Miracle Monday: Little girl learns how to live with type 1 diabetes
SPOKANE, Wash.– Sydney Stenglein has always been on the move. Mother Holly Stenglein said both Sydney and her little brother like to spend their days adventuring, whether it’s on the lake, riding their bikes, or hiking.
“They just love to be active,” Holly said.
Last summer, something stalled Sydney. The 10-year-old girl suddenly lost her energy.
“She just wasn’t motivated, didn’t have a lot of energy, wanted to spend a lot of time in bed,” Holly said.
At first, Holly and her husband considered whether it was hormones, too much screen time, or just the impacts of the pandemic. Then they noticed other symptoms.
Holly said Sydney was drinking so much water, when she normally has to be reminded to drink water. Then, one day when they were boating, Holly realized how serious the issue was. While Sydney’s little brother was having fun, she was napping on the boat.
“It was just kind of a whirlwind from there, wrapping our minds around this new diagnosis and how to manage it,” Holly said.
The Stenglein family soon learned how this diagnosis would impact Sydney for her entire life. They also learned the difference between type 1 diabetes and type 2.
“I thought diabetes was always someone who didn’t eat well, someone who didn’t live a healthy lifestyle,” Holly said.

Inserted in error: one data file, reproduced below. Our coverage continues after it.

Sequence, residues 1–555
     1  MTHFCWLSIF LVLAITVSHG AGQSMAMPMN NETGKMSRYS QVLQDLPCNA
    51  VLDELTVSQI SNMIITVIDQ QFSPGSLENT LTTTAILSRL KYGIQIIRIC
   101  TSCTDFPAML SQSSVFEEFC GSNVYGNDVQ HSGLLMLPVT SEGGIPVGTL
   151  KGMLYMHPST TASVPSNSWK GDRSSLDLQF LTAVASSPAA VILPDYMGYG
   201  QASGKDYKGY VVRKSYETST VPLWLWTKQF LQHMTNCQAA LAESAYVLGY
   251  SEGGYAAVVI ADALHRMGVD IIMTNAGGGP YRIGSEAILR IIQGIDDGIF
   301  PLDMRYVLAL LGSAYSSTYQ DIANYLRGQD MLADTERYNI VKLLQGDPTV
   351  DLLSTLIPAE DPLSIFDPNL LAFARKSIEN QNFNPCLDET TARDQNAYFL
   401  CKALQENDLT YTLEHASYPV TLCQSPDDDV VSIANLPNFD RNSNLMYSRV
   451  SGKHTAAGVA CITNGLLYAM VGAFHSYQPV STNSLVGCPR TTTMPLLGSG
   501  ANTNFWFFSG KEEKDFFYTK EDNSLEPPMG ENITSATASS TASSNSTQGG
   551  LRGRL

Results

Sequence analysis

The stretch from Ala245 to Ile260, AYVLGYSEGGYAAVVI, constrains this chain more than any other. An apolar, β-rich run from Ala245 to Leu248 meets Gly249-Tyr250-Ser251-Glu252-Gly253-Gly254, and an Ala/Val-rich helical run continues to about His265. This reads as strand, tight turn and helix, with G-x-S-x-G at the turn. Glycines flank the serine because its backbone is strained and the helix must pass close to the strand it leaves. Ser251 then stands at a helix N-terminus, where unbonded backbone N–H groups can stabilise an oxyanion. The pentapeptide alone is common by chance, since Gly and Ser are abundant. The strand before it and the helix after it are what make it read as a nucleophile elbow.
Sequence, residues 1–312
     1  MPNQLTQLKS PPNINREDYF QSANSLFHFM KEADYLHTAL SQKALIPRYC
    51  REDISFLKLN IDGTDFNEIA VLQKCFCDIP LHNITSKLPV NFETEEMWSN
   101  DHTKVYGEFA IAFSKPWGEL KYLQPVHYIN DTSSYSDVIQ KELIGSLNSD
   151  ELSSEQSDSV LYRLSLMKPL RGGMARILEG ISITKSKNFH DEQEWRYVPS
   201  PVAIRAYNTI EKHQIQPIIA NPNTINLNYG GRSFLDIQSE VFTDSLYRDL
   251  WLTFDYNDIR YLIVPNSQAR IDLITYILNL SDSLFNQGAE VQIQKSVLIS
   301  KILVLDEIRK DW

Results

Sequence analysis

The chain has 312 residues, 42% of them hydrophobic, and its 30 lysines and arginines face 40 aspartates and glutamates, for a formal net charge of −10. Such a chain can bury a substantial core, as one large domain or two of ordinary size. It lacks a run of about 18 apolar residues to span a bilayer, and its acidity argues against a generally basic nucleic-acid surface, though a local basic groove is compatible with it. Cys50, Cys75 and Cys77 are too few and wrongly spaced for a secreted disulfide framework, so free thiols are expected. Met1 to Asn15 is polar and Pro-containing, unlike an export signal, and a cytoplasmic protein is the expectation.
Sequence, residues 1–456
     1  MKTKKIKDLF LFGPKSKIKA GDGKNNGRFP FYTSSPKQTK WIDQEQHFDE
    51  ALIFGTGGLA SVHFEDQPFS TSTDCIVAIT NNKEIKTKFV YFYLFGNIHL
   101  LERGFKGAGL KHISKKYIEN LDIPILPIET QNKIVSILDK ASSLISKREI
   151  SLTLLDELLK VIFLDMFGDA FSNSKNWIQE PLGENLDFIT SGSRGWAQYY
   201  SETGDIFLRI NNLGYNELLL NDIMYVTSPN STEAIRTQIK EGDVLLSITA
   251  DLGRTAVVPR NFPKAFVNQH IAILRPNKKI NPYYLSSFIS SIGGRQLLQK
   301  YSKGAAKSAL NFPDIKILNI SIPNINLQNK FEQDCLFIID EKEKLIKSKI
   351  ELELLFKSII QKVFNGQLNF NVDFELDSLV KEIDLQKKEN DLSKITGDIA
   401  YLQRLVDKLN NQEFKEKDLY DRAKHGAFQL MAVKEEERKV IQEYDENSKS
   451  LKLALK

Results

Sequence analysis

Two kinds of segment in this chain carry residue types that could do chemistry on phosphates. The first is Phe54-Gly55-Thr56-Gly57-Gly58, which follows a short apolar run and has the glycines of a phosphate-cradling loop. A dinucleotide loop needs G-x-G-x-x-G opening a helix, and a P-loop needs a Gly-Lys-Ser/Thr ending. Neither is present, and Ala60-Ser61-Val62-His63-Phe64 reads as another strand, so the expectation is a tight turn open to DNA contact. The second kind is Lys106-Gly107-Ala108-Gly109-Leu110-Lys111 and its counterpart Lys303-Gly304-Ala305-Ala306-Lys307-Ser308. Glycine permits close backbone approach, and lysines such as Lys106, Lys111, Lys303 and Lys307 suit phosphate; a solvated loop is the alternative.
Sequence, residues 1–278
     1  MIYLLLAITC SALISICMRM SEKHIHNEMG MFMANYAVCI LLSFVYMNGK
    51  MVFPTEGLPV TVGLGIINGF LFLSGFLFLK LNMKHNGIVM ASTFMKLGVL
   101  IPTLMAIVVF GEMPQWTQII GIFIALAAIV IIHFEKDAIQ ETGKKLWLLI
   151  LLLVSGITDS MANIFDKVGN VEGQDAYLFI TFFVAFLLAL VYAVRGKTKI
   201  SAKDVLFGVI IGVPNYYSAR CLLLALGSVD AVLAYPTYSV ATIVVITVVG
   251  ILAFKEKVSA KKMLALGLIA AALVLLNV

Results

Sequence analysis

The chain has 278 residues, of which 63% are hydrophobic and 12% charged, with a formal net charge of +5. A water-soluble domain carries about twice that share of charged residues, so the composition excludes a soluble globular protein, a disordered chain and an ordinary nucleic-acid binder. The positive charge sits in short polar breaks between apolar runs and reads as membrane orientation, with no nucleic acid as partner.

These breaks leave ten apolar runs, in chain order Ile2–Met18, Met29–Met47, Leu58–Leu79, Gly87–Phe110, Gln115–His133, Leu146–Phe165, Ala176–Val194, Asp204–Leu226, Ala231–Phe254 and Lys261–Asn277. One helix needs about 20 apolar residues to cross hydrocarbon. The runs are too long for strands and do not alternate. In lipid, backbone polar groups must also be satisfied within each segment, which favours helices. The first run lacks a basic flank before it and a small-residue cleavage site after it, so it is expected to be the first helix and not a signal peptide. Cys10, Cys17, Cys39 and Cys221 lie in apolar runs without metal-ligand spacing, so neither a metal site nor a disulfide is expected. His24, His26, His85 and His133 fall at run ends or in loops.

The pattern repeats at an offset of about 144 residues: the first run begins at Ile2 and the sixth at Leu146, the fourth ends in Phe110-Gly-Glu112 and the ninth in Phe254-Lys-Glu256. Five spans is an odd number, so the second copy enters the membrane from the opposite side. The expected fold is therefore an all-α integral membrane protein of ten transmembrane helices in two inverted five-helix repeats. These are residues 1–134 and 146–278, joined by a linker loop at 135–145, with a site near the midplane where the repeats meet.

According to the American Diabetes Association (ADA), with type 1 diabetes, the body does not produce insulin. The exact cause is still unknown. Type 2 diabetes is the most common form of the disease. It occurs when a body doesn’t use insulin properly, according to the ADA. While type 1 and 2 diabetes differ, they both can impact people’s lives in big ways. That’s why it is critical to have a management plan.
William Martin is a physician assistant with Sacred Heart Children’s Hospital. He’s been guiding Sydney’s family from the start.
“She must take insulin very time she eats and even extra times as well. She has to count carbohydrates to take insulin for the carbohydrates that she eats,” Martin said.
At first, Sydney was having insulin injections to balance her levels. Now, she has an app that she can use to monitor her glucose levels and she relies on an insulin pump.
“It’s not fun to have it, but it’s not terrible because I can handle it,” Sydney said.
Her strength has inspired her entire family.
“We are so darn proud of her. I mean, she’s been so receptive,” Holly said.
Sydney will have to constantly manage her diet, activity, and health because of this diagnosis. But, now that she has taken control, she isn’t showing any signs of slowing down.
“My hope for the future is that Syd can just live a normal life, do everything her friends do and still manage her diabetes, not feel like this is something that is going to derail her or stop her from doing anything she wants to,” Holly said.
According to the ADA, the common symptoms of diabetes include:
- Urinating often
- Feeling very thirsty
- Feeling very hungry, even though you are eating
- Extreme fatigue
- Blurry vision
- Cuts/bruises that are slow to heal
- Weight loss, even though you are eating more
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